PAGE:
Mumies – Erlier erlier Works

Sofa Pictures – an insight into the private sphere

The Vision”Sofa Pictures” is a place-specific work, which through a twisting of the concept “the sofa picture today” says more about us and our lives in the 90s.

– a work; the precision of many meanings

The motifs for the exhibition “Sofa Pictures” are taken from the “dream pictures” (the luxury pictures) of our lives: hotel rooms, by the swimming-pool, at a restaurant from travel brochures and the like.

– But by magnifying the details from these “public” pictures we find that the motif reveals other details than the first colourful, inviting and at the same time anonymous pictures. A strange oppressive emptiness appears in the picture – an alluring privateness appears in the pictures, for example in the body language of the picture “Woman With her Back Turned” (enclosed), and when one comes closer to examine the picture, it dissolves into spots of colour….

It as if the picture contains something of that…which means the very most…. but nevertheless remains silent for the observer.

The sofa picture is a “surplus” we hang on the wall to please the eye – seen from the sofa / together with the picture.

The sofa is the sphere of the private: “security”, “rest”, and “coziness”. A sofa voter does not vote, but takes things as they come. Sofa and home are closely associated – feeling at home is about a sense of belonging in the world.

The place: The place is Gallery . The physical and psychic space of the gallery form part of the work. The installation has primarily something to say about the sphere of the gallery. The gallery, which traditionally sells art in smallish format (sofa pictures), art as objects for collection – by private persons.

The collector: To collect art is actually to collect the feelings/experiences of other people? = A sofa picture is a piece of materialised life!

text wall centered in the space circles in fragments (quotations) around the points of everyday life and the pain and the passion in life.

As if what she was
silent about was not
what mattered most
As if she was only a wretched sieve
daily life ran through (Pia Juhl)


InBetween was exhibited at Kulturhuset, Copenhagen and the North Jutland Museum of Art in 1993. INBETWEEN consists of a green stripe of colour along a stairway and two objects hung at the top and bottom of the stairs respectively.

The objects consist of a photograph mounted in a glass bubble and an apparently old frame. The glass bubble produces a concave mirror effect (for seeing round corners) or it may remind you of the glass bubbles with snow in them that you bring home from a holiday.

The photograph at the bottom of the stairs is taken through the rear window of a car with a view of a line of caravans. The photograph at the top taken through the windscreen of a car shows an unending road filled with cars driving in the opposite direction.

The objects constitute their own world both in the little glass bubble and in the inner world of the caravan. Just as the stairway where they are hung is characterized by being a place where you move from one platform to another, so the objects bear associations with movement and attempts at permanence.

The frame, pictures and the souvenir are an attempt at recollecting vanished experiences, the caravan is the placeless home and the car is the symbol of modern man’s mobility. The motifs make up a multiplicity of references in perpetual movement and can thus be seen as a picture of art.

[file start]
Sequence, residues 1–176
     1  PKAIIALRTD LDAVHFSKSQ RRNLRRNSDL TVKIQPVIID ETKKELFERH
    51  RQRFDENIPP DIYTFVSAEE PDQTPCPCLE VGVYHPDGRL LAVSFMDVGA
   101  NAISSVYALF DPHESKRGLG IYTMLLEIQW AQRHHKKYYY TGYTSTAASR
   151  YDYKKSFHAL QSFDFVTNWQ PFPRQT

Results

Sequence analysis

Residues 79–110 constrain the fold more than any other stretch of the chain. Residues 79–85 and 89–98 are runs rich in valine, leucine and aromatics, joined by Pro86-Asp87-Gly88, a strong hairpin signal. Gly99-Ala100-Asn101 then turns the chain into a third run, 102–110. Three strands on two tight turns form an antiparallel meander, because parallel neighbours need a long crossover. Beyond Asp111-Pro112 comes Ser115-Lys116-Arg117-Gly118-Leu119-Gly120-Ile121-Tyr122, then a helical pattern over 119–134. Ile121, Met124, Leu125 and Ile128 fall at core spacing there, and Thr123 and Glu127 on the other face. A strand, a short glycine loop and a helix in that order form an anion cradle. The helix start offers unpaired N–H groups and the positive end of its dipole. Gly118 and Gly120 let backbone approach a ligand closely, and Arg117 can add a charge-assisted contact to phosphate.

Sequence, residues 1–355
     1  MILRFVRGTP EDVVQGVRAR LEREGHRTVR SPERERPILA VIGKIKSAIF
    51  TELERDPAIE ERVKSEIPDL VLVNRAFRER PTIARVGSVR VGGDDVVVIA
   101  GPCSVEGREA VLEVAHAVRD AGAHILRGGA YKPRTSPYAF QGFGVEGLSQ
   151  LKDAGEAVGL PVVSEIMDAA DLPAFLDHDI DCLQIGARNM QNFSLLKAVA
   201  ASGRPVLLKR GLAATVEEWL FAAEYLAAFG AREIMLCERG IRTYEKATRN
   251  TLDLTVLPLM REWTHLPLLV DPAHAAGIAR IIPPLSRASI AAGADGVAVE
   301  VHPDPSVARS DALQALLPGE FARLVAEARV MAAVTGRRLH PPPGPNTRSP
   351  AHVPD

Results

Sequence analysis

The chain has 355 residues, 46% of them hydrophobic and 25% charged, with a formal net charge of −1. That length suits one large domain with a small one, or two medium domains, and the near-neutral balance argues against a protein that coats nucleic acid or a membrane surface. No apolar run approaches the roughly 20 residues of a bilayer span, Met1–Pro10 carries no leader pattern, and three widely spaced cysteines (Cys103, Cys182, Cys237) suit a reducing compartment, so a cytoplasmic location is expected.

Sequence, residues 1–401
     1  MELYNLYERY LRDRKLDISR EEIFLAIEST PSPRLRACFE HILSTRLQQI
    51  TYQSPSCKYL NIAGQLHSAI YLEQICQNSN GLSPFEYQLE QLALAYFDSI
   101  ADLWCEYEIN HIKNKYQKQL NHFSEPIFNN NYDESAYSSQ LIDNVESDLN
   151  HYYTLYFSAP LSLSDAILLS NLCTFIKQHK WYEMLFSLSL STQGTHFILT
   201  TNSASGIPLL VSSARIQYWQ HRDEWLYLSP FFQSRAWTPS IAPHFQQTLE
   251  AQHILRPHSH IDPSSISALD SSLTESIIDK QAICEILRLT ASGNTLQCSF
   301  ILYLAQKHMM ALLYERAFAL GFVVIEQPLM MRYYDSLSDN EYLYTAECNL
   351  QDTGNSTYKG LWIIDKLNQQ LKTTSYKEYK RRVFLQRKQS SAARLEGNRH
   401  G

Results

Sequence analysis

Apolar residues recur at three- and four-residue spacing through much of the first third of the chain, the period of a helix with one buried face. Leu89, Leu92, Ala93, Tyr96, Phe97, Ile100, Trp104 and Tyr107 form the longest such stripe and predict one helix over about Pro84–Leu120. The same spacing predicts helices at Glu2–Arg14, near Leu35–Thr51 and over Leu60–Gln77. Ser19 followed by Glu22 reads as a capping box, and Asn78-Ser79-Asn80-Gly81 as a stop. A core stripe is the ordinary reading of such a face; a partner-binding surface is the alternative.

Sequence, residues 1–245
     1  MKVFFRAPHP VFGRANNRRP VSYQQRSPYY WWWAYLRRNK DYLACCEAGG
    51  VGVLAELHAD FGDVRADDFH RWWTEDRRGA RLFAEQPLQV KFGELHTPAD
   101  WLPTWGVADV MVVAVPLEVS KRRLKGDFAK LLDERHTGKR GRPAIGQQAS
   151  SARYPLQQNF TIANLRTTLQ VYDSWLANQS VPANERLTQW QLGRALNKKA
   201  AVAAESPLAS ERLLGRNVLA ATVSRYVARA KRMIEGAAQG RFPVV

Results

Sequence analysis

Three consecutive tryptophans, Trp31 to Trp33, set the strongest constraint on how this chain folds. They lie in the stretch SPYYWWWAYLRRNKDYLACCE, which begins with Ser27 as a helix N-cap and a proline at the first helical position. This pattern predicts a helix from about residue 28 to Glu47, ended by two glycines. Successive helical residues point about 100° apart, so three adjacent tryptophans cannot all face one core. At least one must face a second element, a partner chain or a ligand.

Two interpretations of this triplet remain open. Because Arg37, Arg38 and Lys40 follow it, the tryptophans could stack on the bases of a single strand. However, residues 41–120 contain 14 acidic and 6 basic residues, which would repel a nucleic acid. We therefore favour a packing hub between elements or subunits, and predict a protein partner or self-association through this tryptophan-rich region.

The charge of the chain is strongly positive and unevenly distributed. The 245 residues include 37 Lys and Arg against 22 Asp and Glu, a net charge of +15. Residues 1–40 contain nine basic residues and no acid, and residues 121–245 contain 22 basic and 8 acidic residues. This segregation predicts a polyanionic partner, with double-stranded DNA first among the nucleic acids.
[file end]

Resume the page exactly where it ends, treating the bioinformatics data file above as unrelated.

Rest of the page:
The philosopher Martin Heidegger regards art as a home where people can settle in and find shelter. In Lisa Rosenmeier’s INBETWEEN the green stripe links the two platforms making the intervening space a place, while the motifs of the objects represent a space in space – and an inbetween past and future.

INBETWEEN uses the stairway as a passage between two levels and transforms it from transition into place a platform in itself.

With the objects hung by the stairway INBETWEEN is an installation that both relates to the role of art as a reflectional interspace of platforms in our everyday lives, allowing this inbetween to involve the viewer and the place the exhibition as part of the work.

Off-picture no. 119

A work for a landing in Copenhagen Jazzhouse

A picture – executed with point of departure in the place (Jazzhouse) and proportioned to the space and the space’s existing image (colours, interior and function). “OFF-PICTURE no. 119 attempts to combine the physical and psychicessence of the place in the work on the wall.

The Space

The place houses performances of innovative and experimental jazz. It was therefore natural to take the images of jazz as a starting-point for the work.

The wall is an end wall on a landing, which can be seen from any point on the top floor of the building.

A 102 cm high panel gives one the impression that the wall was formerly decorated with a theatrical painting.

The wall also gives associations of collage and a place for pinning up cuttings, which fits in with the general image of the place. The place is part of a staircase – a landing, a pause between two floors and “a smokers’ precinct” in the break between two sequences of music. I have therefore chosen to work with interval pictures from jazz, pictures taken in, for instance, the dressing room, a kiss between lovers in the interval or the family being waved goodbye to, etc.


The physical space gained from a continuation of the red colour (from the side walls) as a background for a large unifying work on the end wall and from highlighting the proportions of the space and the staircase by hanging 12 copper lamps in the style of the place above the stairs – one for each slat in the banisters. Because of the size of the work, the function of the place as a discotheque and the placing of the work (people lean against it with beer and cigarettes in their hands) it was necessary to execute the work in a laminate (non-inflammable and washable).

To bring laminate into a space overlaid by the patina of years requires a material that has body. I have therefore chosen to work with pictures in a “transparent layer technique” so that the underlying shining through give sensuous life to the dead laminate.